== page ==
Some leave the place of order and end up in a place of disorder without ever reaching a place of re-order. Others deconstruct, but don’t reconstruct, losing any semblance of faith altogether. This result, deconstruction ending in deconversion, is why many view deconstruction as inherently dangerous.
Still others leave the place of order, sort through the disorder, and continue on to a place of re-order. They deconstruct and then reconstruct. Often this reconstruction looks very different from where they first started and tends to be a place of renewed conviction and clarity. This result is why many view deconstruction as an important and even essential part of spiritual formation.
Despite these different results, one thing is almost certainly guaranteed—hardly anyone who begins the process of deconstruction ever returns to a pre-deconstructed state. Once you see something, you can’t unsee it. Once you excavate something, you can’t ignore what’s under the surface. You now know more. And you can’t pretend you don’t. Once you learn something, you can’t unlearn it.
Hardly anyone who begins the process of deconstruction ever returns to a pre-deconstructed state.
There’s been a lot of speculation as to what is causing the massive amount of deconstruction we are witnessing, particularly among those who grew up in evangelical environments. In a recent The Gospel Coalition article, Joshua Ryan Butler suggests four main reasons:
Number one is definitely part of it. I’ve heard many stories, like Sarah’s, where toxic leadership or spiritual abuse catapulted someone into deconstruction. Number two is also part of it. There’s a lot of crummy teaching out there that needs to be scrutinized and thrown out. I have, however, never heard anyone that I’m accompanying through deconstruction name numbers three or four (or sensed either of these as motivators).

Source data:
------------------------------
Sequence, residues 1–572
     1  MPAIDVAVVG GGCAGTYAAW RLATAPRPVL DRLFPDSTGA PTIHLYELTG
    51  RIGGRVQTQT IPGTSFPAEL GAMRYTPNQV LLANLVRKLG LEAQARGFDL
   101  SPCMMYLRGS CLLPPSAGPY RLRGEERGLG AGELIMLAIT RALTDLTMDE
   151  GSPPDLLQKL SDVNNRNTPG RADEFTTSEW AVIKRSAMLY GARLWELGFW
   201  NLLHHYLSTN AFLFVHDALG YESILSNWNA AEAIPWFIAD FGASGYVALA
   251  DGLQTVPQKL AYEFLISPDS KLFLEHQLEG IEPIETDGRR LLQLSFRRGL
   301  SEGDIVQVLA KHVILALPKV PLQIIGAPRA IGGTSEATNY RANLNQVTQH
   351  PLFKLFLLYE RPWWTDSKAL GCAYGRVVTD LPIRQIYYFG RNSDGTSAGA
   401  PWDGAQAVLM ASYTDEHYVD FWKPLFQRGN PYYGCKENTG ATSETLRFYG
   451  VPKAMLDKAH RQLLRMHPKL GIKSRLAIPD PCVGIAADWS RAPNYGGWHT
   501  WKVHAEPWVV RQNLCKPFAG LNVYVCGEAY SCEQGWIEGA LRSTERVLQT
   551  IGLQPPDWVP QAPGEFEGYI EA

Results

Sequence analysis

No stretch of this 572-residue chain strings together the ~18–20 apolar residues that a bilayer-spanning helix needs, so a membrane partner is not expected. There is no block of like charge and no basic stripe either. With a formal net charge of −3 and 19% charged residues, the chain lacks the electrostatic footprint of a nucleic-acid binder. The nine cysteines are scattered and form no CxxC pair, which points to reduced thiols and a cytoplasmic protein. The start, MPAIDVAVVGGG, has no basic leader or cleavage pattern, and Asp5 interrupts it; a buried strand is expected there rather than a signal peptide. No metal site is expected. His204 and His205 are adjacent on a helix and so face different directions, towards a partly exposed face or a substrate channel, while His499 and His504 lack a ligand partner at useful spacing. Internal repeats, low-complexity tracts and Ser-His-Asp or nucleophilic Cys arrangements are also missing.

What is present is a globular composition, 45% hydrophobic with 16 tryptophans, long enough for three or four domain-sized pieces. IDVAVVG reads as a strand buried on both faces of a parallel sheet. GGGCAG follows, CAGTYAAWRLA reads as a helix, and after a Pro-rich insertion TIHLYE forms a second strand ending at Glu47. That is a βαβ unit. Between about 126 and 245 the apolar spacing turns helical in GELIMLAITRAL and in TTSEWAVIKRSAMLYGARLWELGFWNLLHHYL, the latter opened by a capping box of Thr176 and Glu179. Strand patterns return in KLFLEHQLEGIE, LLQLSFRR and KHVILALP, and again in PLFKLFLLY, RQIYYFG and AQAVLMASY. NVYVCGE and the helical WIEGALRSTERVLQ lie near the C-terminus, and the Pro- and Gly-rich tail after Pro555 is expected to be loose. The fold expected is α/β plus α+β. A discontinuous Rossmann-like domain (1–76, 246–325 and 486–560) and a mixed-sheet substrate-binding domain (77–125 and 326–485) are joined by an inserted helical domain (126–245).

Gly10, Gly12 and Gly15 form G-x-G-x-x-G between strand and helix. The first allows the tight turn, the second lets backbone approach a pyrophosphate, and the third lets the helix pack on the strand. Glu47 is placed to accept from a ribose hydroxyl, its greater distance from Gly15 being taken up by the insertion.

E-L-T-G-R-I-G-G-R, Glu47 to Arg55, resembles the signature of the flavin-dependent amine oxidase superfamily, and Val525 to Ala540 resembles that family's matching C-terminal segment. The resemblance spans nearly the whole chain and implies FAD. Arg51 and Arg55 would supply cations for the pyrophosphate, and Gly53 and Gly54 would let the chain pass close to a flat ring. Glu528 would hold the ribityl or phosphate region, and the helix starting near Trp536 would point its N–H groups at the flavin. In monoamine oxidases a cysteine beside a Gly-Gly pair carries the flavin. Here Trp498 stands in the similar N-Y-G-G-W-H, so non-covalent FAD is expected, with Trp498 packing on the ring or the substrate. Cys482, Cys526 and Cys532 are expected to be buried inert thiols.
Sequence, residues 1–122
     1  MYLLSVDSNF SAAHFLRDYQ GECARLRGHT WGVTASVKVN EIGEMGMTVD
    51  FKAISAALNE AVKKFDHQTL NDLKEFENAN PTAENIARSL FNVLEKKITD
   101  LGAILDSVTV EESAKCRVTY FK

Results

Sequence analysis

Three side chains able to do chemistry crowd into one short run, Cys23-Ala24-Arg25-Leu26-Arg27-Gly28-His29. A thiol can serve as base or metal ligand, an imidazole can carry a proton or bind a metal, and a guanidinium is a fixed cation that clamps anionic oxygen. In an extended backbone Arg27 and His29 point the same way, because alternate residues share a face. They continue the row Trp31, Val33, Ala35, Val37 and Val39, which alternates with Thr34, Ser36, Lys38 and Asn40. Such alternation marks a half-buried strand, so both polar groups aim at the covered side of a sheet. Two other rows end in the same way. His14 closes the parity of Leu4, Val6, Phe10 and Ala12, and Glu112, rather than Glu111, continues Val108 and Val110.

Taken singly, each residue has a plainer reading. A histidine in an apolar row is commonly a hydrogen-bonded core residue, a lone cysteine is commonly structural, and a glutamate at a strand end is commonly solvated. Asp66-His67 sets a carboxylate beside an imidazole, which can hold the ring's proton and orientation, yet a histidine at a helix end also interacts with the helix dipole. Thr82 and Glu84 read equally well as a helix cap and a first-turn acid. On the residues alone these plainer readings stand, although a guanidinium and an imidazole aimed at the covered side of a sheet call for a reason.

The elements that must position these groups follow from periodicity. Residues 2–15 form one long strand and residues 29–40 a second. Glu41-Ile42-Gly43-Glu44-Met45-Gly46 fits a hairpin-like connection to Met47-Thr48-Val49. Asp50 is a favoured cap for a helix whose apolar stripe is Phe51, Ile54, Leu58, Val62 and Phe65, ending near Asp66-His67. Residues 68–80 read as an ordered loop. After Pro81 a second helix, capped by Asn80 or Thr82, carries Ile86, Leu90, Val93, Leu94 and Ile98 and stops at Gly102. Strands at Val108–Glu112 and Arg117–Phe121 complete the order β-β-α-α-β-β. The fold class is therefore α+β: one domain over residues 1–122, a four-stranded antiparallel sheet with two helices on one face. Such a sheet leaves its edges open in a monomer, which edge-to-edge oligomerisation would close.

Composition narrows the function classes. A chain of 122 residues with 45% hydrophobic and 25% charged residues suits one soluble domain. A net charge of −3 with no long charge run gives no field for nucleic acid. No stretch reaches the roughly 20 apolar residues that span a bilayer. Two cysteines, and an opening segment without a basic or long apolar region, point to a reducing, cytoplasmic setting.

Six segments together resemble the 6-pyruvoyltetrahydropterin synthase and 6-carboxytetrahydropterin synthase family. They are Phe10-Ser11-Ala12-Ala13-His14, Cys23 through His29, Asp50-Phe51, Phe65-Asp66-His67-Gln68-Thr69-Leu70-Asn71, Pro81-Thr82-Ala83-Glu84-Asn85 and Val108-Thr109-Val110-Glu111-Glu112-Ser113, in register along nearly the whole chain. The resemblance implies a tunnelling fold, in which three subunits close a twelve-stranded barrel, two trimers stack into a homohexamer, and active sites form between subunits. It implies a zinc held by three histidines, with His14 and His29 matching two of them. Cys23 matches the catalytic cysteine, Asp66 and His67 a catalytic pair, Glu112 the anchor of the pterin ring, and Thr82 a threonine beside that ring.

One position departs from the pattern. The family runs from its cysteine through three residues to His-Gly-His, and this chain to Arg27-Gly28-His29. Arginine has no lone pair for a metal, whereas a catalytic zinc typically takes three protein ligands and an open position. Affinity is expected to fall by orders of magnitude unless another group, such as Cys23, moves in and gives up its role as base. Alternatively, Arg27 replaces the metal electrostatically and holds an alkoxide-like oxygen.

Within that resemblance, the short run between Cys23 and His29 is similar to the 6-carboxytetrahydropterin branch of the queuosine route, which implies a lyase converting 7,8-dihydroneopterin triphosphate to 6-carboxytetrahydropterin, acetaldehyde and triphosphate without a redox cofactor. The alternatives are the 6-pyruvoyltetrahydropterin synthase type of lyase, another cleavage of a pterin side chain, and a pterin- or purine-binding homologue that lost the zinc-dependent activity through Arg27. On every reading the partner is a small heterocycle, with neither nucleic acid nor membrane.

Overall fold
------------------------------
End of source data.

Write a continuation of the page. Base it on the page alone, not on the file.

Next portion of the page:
In fact, suggesting that numbers three or four are what’s underneath a person’s deconstruction is an example of the kinds of assertions that require deconstruction. They are hurtful, condescending, and untrue. Moreover, they do the work of gatekeeping, of attempting to maintain power and control. Those who are most resistant to deconstruction often attempt to limit what can be deconstructed in the first place.
Deconstruction is disorienting, unnerving, scary, and uncertain.
Most people I know who are deconstructing don’t want to be deconstructing. Like Sarah, they didn’t actively choose deconstruction. Circumstances catapulted them into it. Deconstruction is disorienting, unnerving, scary, and uncertain. The motivation isn’t to sin or garner street cred, to be cool or trendy. Far from it. Most who are engaging in deconstruction are doing so at great cost to themselves and their relationships, primarily because a vast number of people have no idea how to walk alongside someone who is navigating deconstruction.
While we can quibble about all the reasons people might be deconstructing, a few things seem fairly self-evident to me:
My point is that no matter how you feel or what you think about deconstruction, it’s not going away. And it’s actually not entirely new. It’s both a historic and present reality; one that we need to reckon with. Moreover, people who are in the throes of deconstruction are looking for people who will enter into that space with them. All too often people who have not found a safe space to deconstruct within the church go outside the church to do so.
Our best option is not to resist those who are deconstructing. No, our best option is to learn how to enter in, to come alongside, to accompany people through it, hopefully toward a more Jesus-centered, Jesus-looking, reconstruction. We encourage you to read Part 2 where we will explore what that might involve.